LIGUNA NIGUEL, Calif. - Shortly after the World Trade Center in New York City was reduced to rubble, relatives and families of the victims began receiving telephone calls seeking information about those who died so that financial records destroyed in the terrorist attack could be reconstructed. The calls, as it...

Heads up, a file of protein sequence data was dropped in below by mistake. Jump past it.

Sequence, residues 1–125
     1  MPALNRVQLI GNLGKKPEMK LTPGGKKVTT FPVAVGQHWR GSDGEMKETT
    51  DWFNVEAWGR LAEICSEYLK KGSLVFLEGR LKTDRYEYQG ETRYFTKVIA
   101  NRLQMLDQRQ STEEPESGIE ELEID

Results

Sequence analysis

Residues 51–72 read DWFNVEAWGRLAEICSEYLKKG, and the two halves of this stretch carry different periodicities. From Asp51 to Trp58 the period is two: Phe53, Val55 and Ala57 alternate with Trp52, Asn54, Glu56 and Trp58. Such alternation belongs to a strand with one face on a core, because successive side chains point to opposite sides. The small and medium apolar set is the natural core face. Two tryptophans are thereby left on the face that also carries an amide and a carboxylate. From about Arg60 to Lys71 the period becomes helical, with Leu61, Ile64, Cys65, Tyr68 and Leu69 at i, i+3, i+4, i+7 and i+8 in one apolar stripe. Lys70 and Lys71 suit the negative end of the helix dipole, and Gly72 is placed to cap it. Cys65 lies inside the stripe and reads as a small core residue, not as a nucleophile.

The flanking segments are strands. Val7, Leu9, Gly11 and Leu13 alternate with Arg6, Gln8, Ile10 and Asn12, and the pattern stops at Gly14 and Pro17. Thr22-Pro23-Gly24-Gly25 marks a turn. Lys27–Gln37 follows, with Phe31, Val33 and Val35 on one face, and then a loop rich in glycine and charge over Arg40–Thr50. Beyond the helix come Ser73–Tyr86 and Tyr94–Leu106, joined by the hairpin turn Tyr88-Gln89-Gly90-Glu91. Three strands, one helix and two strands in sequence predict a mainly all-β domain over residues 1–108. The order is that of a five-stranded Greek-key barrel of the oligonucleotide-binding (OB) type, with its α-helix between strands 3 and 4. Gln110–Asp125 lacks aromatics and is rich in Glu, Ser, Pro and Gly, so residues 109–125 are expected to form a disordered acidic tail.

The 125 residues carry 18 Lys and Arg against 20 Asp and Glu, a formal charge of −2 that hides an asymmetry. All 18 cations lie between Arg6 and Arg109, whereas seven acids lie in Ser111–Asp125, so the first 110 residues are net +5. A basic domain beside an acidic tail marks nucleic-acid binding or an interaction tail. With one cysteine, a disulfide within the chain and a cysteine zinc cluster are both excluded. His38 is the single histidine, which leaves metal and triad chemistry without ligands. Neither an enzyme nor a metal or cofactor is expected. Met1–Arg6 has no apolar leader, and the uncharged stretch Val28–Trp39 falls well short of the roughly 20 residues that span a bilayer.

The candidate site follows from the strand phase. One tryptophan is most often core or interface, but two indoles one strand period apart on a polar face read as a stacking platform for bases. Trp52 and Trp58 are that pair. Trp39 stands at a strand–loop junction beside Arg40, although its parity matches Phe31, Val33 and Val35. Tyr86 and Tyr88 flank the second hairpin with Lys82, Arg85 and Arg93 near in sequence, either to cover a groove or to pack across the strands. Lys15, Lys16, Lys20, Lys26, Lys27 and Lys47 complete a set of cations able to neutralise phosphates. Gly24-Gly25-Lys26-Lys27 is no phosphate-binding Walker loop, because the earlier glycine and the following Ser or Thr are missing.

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LIGUNA NIGUEL, Calif. – Shortly after the World Trade Center in New York City was reduced to rubble, relatives and families of the victims began receiving telephone calls seeking information about those who died so that financial records destroyed in the terrorist attack could be reconstructed. The calls, as it turned out, weren’t placed by financial firms or investment companies that had once occupied the Twin Towers, but scam artists preying on the survivors vulnerability in the wake of the ghastly events of Sept. 11. What they were after was just enough information to steal the identity of the victims, much as the terrorists had stolen the identity of others to create fake passports and other documents. Such cases of identity theft – whether for financial gain, to avoid prosecution or for revenge – are among the fastest growing crimes in the United States, according to Mari Frank, an attorney and leading authority on privacy protection and identity theft. “No one is immune,” Frank said. One in four Americans will be a victim of identity theft, she said. Frank confessed that she was the victim, not once but twice, of identity theft. She described the person who stole her identity in the most serious case as her “evil twin.” Not only did her “twin” run up $11,000 in credit card charges under Frank’s name, she had managed to obtain more than $50,000 in credit. She also left Frank being sued by a rental car company. Despite the growing number of identity theft cases – she estimated that there are more than one million cases reported a year – few, if any, are investigated and even fewer perpetrators are caught. That prompted Frank to author “The Identity Theft Survival Kit,” a $79.95 package that includes a computer diskette with attorney-written form letters, a coaching book entitled From Victim to Victor: A Step-by-Step Guide to Ending the Nightmare of Identity-Theft, and audio-cassette tapes on how to “regain your credit, identity and sanity.” She said the guide was partly an attempt to help victims of identity theft without them having to resort to paying for legal assistance. Although many people believe that the Internet is largely to blame for identity theft, Frank cited statistics from the Federal Trade Commission showing that 24% of such cases were the result of “dumpster diving.” “If you’re not shredding (documents) at your credit union, just imagine what you have on these people,” she said. She noted that the key to identity theft was obtaining a person’s Social Security number. She warned against victims of identity theft changing their Social Security number – which she said some law enforcement agencies advocated – saying it made the victims look suspicious. “It’s absolutely the wrong thing to do,” she said. What victims should do, she advised, is first contact the fraud units at the three credit reporting bureaus (Experian, Equifax and Trans Union). The victims should request a credit report and ask that their file be flagged with a fraud alert. They should also ask to be notified to verify all new credit applications. Following that step, they should file a police report with the fraud or economic crime unit of the department. Also important, she said, was to contact government agencies, such as the FTC and the passport office. For credit unions, Frank offered this advice: * Verify and authenticate a member’s identity and address. * Check fraud alerts and set up fraud detection devices. * Limit instant credit and convenience checks. Also limit or eliminate the use of Social Security numbers on documents. * Screen new and temporary employees. * Shred all documents to be discarded. * Limit access to information and keep an audit trail. * Train all personnel in how to properly handle information. “Credit unions know their members better (than other financial institutions),” Frank said. “But you’re not perfect.” One area where credit unions and banks came in for criticism was their refusal to turn over certain documents, such as credit applications filled out by a scam artist. “I know a lot of credit unions and banks are unwilling to share that information,” she said. “You need to get it to the victims so they can put their lives together.” Frank also urged people to contact elected officials in Washington to support privacy legislation. She admitted that in the wake of the terrorist attacks on the World Trade Center and the Pentagon, there would likely be a backlash to implementing any such legislation. “We are not in fear of all our information being gathered and sold to anybody who wants it,” she said. “That is what’s frightening to me.” (Readers interested in contacting Frank about identity theft can reach her via e-mail at firstname.lastname@example.org or by telephone at (949)364-1511. Her Web site is at www.identitytheft.org.) -
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